Spicy Piña Margarita

Tea type
Fruit Herbal Blend
Ingredients
Not available
Flavors
Not available
Sold in
Bulk, Loose Leaf
Caffeine
Caffeine Free
Certification
Vegan
Edit tea info Last updated by Perry Papadopoulos
Average preparation
Not available

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From DAVIDsTEA

You know when you’re drinking a spicy margarita and it’s bursting with pineapple and mango and then BAM! A fiery kick of jalapeño? Yes, it’s amazing and yes, this caffeine-free fruit infusion tastes just like that. With its unique and wildly refreshing flavours, it’s the perfect way to start happy hour – especially when you add a surprise shot of tequila.

Candied pineapple (pineapple, cane sugar, citric acid, sulfur dioxide), ginger, mango (mango, sugar, citric acid, sulphur dioxide), tomato, cilantro, jalapeño (jalapeño pepper, coconut oil).

Allergens: coconut, sulfites

Price per 50g: $7.98

About DAVIDsTEA View company

Company description not available.

4 Tasting Notes

561 tasting notes

Shared a sample of this one with my sister. We both did not like it. I had a good laugh because my sister said it tasted like what a dirty stinky shoe must taste like.

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80 tasting notes

Sorry, Spicy Piña Margarita, but you are just foul to me. The more I tried to force myself (and everyone in my household) to finish up my 50g of this, the more I realized that I just do not like these flavors at all.

I like spicy. I like the warming bite of ginger in a lot of DavidsTeas, and I am happy to put jalapenos on almost everything in life. I get much more ginger than jalapeno in this (in fact, I wouldn’t guess there is any jalapeno in this), and much more cilantro than anything else. The cilantro has a weird, funky, dirty dish soap water taste that is horrifying. Sadly, I don’t get any mango or coconut. The pineapple is there as a vague, nondescript, fruity tone, with hints of warming ginger, and the weird burst of cilantro and hint of tomato.

It’s very much like steeping up a big cup of cilantro. I can only tolerate cilantro in small amounts in Nam Khao.

Whenever I find a tea that I don’t enjoy, my best friend is happy to finish off the tea for me (we have complete opposite taste in tea, so this system works out well for us). My BFF hated this tea as well, and then I couldn’t find anyone else willing to try it.

Cilantro tea.

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8167 tasting notes

So…

After MONTHS of saying I was going to do this back when I was working at a retail store, I finally tried an attempt at making a “tea infused salad dressing” with this tea. I mean, I know that there are areas I can improve upon when doing this, but I just wanted to dip my toes in the idea and see if it was something that even had room to go anywhere.

I started by scooping a few tablespoons of this tea into a mason jar, then filling it with a mixture of coconut oil and sesame oil, just until I covered the top of the tea I had added in. Then, I gave the jar a few good shakes and left it for a few days to, hopefully, let the tea steep into the oils. Like cold brewing, but not?

It definitely did something, because after like 36 hours I noticed that the oil had taken on a sort of greenish yellow hue – so at that point I strained out the tea and set to making my salad. I did a sort of Greek Salad? Basically, I chopped up some cucumber, onion, bell pepper, and tomato and tossed it all together with some spoons of my tea oil/dressing, and a squeeze of lemon juice, until everything was coated.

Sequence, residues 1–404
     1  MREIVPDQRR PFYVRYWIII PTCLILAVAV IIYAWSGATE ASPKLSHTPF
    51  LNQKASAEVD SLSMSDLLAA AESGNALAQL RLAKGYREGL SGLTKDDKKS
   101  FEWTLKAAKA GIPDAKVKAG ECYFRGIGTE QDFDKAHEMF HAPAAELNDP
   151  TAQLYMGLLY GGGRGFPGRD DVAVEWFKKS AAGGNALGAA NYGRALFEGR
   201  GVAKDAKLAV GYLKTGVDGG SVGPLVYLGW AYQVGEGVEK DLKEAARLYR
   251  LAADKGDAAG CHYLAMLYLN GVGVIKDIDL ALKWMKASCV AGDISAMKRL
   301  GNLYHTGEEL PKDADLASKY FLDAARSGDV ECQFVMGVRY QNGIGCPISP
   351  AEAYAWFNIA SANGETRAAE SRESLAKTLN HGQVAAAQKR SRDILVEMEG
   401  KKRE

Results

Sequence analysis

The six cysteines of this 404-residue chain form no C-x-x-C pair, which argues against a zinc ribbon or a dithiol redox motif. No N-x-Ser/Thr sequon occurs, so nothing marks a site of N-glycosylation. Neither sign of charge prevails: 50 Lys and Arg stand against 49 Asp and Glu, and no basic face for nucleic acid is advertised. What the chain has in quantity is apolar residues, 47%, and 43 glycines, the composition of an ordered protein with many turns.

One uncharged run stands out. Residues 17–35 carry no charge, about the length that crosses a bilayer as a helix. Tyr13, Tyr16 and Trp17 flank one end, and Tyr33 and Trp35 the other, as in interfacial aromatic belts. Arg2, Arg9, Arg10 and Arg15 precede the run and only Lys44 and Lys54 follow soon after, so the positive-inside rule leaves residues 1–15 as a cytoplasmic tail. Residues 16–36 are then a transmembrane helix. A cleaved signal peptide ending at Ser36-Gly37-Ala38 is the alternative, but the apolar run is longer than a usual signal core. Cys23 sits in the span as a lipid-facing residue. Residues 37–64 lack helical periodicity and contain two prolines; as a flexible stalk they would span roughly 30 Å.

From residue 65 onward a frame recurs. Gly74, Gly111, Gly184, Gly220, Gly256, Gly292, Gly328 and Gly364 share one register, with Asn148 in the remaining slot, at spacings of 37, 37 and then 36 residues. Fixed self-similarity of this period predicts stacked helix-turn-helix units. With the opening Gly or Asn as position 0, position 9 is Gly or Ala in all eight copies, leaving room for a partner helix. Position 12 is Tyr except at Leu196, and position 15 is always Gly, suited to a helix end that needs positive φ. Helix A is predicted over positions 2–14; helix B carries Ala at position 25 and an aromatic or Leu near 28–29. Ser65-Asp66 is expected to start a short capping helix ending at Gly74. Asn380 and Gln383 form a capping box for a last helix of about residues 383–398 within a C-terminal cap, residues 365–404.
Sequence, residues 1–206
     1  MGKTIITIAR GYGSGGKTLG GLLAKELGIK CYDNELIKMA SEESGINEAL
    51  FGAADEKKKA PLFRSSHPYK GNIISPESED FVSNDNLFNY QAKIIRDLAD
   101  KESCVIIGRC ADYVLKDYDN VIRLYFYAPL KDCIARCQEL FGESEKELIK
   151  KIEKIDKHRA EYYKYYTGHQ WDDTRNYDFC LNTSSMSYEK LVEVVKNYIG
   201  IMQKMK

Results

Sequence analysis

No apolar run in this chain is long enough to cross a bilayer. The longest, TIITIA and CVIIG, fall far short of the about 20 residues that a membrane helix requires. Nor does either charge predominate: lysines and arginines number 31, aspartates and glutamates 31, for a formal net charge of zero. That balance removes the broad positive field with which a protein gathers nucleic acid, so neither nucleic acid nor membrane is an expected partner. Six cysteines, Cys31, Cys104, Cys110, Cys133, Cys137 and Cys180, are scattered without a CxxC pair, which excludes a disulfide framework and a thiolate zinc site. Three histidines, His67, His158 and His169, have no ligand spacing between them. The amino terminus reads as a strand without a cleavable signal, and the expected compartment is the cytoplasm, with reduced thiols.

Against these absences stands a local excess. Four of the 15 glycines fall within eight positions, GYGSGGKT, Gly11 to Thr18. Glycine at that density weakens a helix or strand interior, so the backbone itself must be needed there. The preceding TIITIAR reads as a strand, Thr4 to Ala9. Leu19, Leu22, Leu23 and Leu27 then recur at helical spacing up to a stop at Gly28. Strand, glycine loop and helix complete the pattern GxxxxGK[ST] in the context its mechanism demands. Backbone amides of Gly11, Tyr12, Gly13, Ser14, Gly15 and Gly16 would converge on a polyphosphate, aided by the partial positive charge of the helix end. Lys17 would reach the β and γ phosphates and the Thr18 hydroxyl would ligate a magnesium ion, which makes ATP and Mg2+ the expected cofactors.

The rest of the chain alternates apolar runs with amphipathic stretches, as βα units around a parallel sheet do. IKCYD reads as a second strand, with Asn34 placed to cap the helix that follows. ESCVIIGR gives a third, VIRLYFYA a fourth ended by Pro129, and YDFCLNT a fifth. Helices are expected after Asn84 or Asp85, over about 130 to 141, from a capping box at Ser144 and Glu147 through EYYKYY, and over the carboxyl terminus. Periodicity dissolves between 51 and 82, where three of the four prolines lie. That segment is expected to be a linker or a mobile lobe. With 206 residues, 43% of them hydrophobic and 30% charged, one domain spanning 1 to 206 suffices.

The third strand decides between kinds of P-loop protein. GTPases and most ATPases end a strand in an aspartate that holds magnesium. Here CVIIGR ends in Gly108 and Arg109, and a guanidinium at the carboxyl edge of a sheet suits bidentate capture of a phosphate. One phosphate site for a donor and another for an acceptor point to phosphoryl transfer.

So. Thoughts.

Well, I definitely wish that I had used more coconut oil and less sesame because the sesame oil has a REALLY strong taste that I think is covering a lot of what probably extracted from the tea. I was pretty low on coconut oil, unfortunately, so if I want to recreate this again using only coconut oil I would definitely have to go buy more. Maybe avocado oil would be an interesting option too?

Aside from the strong sesame flavor, I do get some of the spice from the tea though! It translates pretty well to the salad/oil kind of idea, and I think I actually maybe like it more than I liked the spice in the tea itself!? I wish the pineapple had come out more, but again I could just be covering it up with the strong sesame notes. Bottom line, I think this is an idea/concept worth further playing with – so I’m going to maybe do a little research/get some opinions from coworkers and then try again in the future!

Friendly reminder that I do not numerically rate DAVIDsTEA blends as I’m currently employed there and it would be an obvious conflict of interest. Any blends you see with numerical ratings were rated prior to my employment there. These reviews are a reflection of my personal thoughts regarding the teas, and not the company’s.

lizwykys

Oh, man, sesame oil should come with a big ole danger sign :P! I love it, but, yikes, it is SO easy for it to totally overwhelm the dish / recipe … I usually ever add it drop by drop now. I suggest trying your original recipe (which sounds really good!) with no sesame at all and see how it comes out — you can always add a drop or two to a bit you set aside for testing, but I think nothing will be lost by not having as a part of the actual infusion process, since the only things I can imagine infusing into the sesame would be super super strong (probably unpleasantly so) flavors and aggressive heat. Sesame will flat out beat down everything else!

VariaTEA

I wonder if it would make a difference if you cold steeped in vinegar as opposed to oil? Could be a fun experiment. Also I love sesame oil but it is one strong flavor so I could see it drowning out some of the more nuanced notes from the tea.

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